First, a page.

It was encouraging news to hear there is a private-public partnership being planned to help with musical bookings at the Performing Arts Center at the Roland E. Powell Convention Center.
The status quo — serving as an added value amenity to existing conventions with a few concerts a year — is simply not enough and was never the sole intent of this new beautiful facility. Providing additional space to existing conventions, such as the cheerleaders, is nice, but for it to become an attraction across the shore and a new jewel in the city’s crown of offerings there must be more.
The city and state did not invest more than $8 million in this operation to simply continue making existing conventions happy. The Performing Arts Center is supposed to be an economic engine and a lure for concerts and special events that previously would not have come here. That’s what will make the beautiful facility reach its full potential.
What happened this week on that front was the Mayor and Council approved a two-year agreement with promoter Bob Rothermel’s company worth about $80,000 with the funds aimed at bringing two concerts between now and the end of June and four concerts during the next fiscal year. The concept is pretty simple and it’s a good one we believe as a starting point.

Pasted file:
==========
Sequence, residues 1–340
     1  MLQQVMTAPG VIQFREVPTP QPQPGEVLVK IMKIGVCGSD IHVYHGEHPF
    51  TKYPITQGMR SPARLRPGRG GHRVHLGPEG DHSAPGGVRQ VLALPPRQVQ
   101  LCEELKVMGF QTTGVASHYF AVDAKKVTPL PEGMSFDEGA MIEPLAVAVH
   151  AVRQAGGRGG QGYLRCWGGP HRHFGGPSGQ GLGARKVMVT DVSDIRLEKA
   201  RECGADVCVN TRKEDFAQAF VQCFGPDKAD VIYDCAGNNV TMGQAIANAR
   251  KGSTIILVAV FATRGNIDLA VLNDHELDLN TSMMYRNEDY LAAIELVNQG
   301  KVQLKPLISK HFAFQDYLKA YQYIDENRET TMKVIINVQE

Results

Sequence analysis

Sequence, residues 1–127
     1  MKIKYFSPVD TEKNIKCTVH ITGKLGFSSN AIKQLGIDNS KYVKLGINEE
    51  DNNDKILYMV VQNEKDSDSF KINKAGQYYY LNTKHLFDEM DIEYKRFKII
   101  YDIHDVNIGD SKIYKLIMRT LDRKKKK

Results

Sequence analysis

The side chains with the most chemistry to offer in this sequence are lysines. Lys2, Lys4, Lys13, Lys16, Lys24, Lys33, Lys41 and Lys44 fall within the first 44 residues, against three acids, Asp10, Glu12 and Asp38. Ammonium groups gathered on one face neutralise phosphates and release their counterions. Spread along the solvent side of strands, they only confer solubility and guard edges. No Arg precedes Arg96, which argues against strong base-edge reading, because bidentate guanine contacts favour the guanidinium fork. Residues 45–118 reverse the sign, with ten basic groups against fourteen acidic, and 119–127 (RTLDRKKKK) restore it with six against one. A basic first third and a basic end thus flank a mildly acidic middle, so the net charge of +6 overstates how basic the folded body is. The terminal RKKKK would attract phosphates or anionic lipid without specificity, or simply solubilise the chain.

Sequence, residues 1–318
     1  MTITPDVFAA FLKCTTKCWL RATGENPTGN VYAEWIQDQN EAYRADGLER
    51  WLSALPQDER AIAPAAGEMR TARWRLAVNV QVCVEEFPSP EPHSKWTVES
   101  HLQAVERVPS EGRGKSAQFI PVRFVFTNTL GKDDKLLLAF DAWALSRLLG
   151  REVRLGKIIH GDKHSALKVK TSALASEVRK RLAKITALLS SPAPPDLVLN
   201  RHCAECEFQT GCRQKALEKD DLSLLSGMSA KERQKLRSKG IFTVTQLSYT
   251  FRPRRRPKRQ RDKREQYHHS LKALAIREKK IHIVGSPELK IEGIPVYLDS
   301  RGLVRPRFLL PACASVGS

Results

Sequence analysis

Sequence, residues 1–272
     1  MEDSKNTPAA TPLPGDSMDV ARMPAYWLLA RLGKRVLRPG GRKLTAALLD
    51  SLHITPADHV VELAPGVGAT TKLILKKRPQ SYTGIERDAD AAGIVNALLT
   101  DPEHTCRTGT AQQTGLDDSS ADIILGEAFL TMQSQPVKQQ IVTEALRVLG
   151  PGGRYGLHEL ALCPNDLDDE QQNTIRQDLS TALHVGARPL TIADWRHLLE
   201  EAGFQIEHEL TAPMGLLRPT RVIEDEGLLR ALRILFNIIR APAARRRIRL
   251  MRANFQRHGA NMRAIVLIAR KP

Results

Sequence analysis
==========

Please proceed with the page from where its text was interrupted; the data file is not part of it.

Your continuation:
“The goal here is to maximize our dollars and minimize our expense in promoting the Performing Arts Center and putting on shows at the center,” Mayor Rick Meehan said. “We will also share any losses, although we don’t anticipate that happening, as well as share 50-50 in any of the profits.”
In an interview this week, Convention Center Director Larry Noccolino added, “What this does is increase our buying power from $40,000 to $80,000 in both years. With that added buying power, we can get better talent in our building and that’s what we are looking to do. At the same time, we share the profits and the expenses.”
This is a good step for the city and there’s little downside to this public-private partnership. While city officials are defensive in the face of some concerns the new venue is not living up to expectations, the fact is concerts were a major reason the performing arts center was built, in addition, of course, to assisting current convention bookings. So far, the concerts booked have not lived up to those advance expectations.
It’s a positive that the city seemed to at least partially recognize that and is looking to address it.